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Bridge shape
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TerryT
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February 19, 2012 - 3:00 pm
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My bridge popped out earlier and I have successfully replaced it.

On closer inspection, looking at it from the side view it seems to have a different profile on one side to the other.
One side is definitely flat whilst the other side has a slightly convex form.
Is this a design? And if so does it matter if it flat-side toward the fingerboard or vice versa?

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Sofia Leo
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The bridge is generally planed on the fingerboard side to a slight angle, but the side toward the tailpiece (where the logo or stamp is) is left perfectly flat. It should not be curved on either side - this may be a sign that it's warping and will need to be replaced soon.

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TerryT
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Thanks Cat, I'll get a spare in readiness. Should I plane/sand the new one to the same size as my current bridge! (before it breaks!)

facepalm

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cdennyb
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IMG_20120218_210004comp.jpgImage EnlargerIMG_20120218_210041comp.jpgImage EnlargerIMG_20120218_205827.jpgImage EnlargerIMG_20120218_210148comp.jpgImage EnlargerMy luthier has instructed me as follows on cutting and positioning the bridge i relationship to the fingerboard. Hope this helps.

The bridge has a shape that forces the E string to be something like 3 mm above the fingerboard at the end closest to the bridge. The G string is 5 mm above it. I made a small board as seen in the pics that is taped to that exact height as measured with a pair of calipers. Making a small mark on the bridge at the required locations allowed me to sand it down to that gentle curve which allows room between the strings for bowing. Using a sanding block I was able to taper the bridge to 1-1.5 mm in cross section (The distance across the bridge where the string is touching the wood) leaving the center section thickest above the cutouts.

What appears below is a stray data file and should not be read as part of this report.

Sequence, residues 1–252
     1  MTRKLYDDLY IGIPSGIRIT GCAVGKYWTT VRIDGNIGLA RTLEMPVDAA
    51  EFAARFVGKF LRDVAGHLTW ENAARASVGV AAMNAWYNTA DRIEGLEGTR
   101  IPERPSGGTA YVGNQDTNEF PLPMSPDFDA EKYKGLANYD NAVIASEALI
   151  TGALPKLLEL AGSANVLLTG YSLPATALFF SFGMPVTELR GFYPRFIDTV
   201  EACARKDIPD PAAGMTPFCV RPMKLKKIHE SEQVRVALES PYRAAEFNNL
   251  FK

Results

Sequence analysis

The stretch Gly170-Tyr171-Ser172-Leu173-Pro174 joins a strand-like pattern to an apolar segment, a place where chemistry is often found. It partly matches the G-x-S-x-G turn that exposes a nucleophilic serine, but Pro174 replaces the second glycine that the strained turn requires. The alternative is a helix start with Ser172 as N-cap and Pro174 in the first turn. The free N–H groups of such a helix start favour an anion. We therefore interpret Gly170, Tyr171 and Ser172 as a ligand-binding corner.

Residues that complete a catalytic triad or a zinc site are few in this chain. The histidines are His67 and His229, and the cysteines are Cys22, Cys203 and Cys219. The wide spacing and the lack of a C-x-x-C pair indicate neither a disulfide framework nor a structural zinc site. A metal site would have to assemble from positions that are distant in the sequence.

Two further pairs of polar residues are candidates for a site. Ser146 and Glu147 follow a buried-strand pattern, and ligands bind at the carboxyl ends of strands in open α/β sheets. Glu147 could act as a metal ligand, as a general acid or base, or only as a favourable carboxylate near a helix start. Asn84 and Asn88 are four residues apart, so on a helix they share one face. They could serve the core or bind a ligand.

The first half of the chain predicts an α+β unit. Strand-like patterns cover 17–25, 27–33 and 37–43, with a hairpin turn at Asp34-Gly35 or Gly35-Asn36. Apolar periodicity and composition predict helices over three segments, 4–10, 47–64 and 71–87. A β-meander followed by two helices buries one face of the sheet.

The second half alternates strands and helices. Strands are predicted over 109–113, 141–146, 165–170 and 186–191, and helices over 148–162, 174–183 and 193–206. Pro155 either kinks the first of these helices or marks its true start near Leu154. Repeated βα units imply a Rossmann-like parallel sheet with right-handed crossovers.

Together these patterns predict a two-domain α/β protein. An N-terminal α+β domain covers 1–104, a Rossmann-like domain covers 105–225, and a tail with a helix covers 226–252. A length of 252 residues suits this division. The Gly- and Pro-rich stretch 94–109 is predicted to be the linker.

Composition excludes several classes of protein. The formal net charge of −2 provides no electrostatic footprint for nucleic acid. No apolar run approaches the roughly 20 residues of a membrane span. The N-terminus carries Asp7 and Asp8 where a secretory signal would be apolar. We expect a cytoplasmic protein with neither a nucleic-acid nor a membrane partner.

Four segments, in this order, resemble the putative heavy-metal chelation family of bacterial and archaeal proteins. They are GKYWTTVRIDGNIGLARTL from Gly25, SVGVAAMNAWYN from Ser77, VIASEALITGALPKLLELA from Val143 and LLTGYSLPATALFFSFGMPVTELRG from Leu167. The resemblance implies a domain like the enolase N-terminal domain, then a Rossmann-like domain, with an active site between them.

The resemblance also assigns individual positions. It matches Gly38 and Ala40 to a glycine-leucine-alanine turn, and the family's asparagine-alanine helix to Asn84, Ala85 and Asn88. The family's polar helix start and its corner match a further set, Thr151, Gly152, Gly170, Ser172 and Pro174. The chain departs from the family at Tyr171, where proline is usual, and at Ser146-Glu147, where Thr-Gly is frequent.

Once cut to the correct height, higher is better than too low... I used a small welders tip cleaner file set to cut a rounded groove into the top of the bridge. File it square with the world and only deep enough to allow the string to fit flush with the top of the wood. Using a knife to cut a "V" shape will only allow the string under tension to spread the wood and eventually possibly split the bridge, then you start all over from square 1.

 

Place the bridge with the straight side facing the tailpiece and the tapered side towards the fingerboard. Using a piece of 320 sandpaper laying rough side up on the top, you can very gently (keeping the bridge perpendicular to the top surface more or less)  slide it back and orth on the sandpaper causing it to conform to the top shape thus keeping as much in contact with the top surface as possible for max sound vibration transmission.

Hope this helps. 

"If you practice with your hands you must practice all day. Practice with your mind and you can accomplish the same amount in minutes." Nathan Milstein

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Sofia Leo
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Terry said

Thanks Cat, I'll get a spare in readiness. Should I plane/sand the new one to the same size as my current bridge! (before it breaks!)

facepalm

That's what I did on the fiddle I recently refurbished. The bridge was badly warped, but the string clearance was correct and the top arch made playing very easy. I first trimmed down the feet and then matched the top arch. Works pretty well, even if I say it myself smile

You'll need to verify the proper string clearance with the old bridge first, but this can vary a bit - if you find it easy to play, then it's right for you even if it doesn't quite meet Traditional Specs.

Use a very sharp knife and do be careful not to cut yourself - ask me how I know yell

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Oliver
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@cdennyb    I just became aware of the "law" from an expert that a proper bridge will be able to stand alone and vertical if the feet are done right.

I tried it and only achieved a shorter bridge and never the balance.  smile